President Muhammadu Buhari on Monday gave a warning to the international community, saying the world would pay dearly if the Lake Chad was allowed to go into extinction.
Buhari, who spoke at the opening ceremony of the International Conference on Lake Chad which was hosted by Nigeria in Abuja, warned against unilateral decisions by member-countries with respect to revitalising the depleting lake.
Represented by Vice-President Yemi Osinbajo, the President told delegates at the event that the cooperation and collaboration that underpins effort to save the Lake Chad should not be allowed to fail.
He said, “The world would pay a steep price if stakeholders choose to resort to unilateral actions in the pursuit of selfish interest if we collectively fail to rise boldly to this challenge of recharging the lake.”
Buhari lamented that the lake which was once the sixth largest in Africa, providing livelihoods for over 40 million people from Niger Republic, Cameroon, Chad, Nigeria and Central African Republic, had shrunk by over 90 per cent of its size, from about 25,000sq km to currently 1,350sq km.
He pointed out that the implications of the menace of the shrinking lake and intensification of desertification had caused several people who were dependent on the lake for irrigation, farming and drinking water for cattle to be left to suffer.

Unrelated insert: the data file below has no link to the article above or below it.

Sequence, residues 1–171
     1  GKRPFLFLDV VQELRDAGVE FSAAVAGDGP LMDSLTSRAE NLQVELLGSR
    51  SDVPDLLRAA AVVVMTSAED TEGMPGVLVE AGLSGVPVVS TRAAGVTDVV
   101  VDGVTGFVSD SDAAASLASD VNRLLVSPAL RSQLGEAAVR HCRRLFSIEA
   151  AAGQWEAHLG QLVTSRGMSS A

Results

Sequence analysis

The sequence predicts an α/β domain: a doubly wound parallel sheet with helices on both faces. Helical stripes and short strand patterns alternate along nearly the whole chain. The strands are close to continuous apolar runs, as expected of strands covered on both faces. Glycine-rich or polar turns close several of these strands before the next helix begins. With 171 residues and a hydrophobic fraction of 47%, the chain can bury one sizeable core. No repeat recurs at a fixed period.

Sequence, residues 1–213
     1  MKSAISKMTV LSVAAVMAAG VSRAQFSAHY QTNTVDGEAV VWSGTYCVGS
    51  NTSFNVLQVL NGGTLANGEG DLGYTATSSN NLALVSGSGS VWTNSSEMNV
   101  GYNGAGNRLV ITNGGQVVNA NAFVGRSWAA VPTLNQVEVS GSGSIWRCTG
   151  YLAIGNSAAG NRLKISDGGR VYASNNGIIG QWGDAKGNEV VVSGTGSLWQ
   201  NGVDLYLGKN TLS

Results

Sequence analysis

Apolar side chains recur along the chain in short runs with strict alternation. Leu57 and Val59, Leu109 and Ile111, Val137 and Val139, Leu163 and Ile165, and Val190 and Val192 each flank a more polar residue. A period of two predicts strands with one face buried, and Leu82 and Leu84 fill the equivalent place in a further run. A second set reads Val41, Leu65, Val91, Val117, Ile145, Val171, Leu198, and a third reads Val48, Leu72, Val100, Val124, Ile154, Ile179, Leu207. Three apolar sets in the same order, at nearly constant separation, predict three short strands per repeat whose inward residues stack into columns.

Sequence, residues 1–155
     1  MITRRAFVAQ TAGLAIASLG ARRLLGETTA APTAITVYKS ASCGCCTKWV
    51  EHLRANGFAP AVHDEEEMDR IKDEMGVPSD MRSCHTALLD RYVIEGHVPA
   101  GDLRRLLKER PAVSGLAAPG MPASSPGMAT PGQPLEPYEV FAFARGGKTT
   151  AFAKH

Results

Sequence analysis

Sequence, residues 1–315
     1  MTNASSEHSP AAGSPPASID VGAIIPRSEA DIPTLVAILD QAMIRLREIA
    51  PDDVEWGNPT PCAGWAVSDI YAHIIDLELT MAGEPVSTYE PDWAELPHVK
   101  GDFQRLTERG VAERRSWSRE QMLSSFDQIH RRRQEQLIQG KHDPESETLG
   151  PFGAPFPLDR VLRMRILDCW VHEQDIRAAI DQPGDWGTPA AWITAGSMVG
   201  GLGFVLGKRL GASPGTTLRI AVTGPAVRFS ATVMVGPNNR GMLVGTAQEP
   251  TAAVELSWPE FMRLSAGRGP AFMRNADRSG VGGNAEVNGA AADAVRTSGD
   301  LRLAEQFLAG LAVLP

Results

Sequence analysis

The President said migration and resettlement had intensified as farmers and fishermen had been confronted with leaner harvest, while pastoralists were in search of water and food for their cattle.
According to him, the menace had led to clashes in Nigeria between farmers and herdsmen.
He added that the North-East, where the lake is, had become the epicentre of Boko Haram insurgency, as the insurgents were able to draw recruits from desperate, idle but yet growing population.
Buhari lauded efforts by multinationals to replenish the Lake Chad by pumping water through the Ubangi River.
He commended the international community for not only seeing the issue as a global challenge but also taking steps to actively support member countries of the Lake Chad Basin Commission.
On what it would cost to revitalise the lake, the Minister of Water Resources, Suleiman Adamu, while speaking on the sidelines of the event, stated that a working figure of $14bn was submitted to the LCBC in 2012.
He, however, expressed doubt if the sum would actually cater for the massive work required in the region.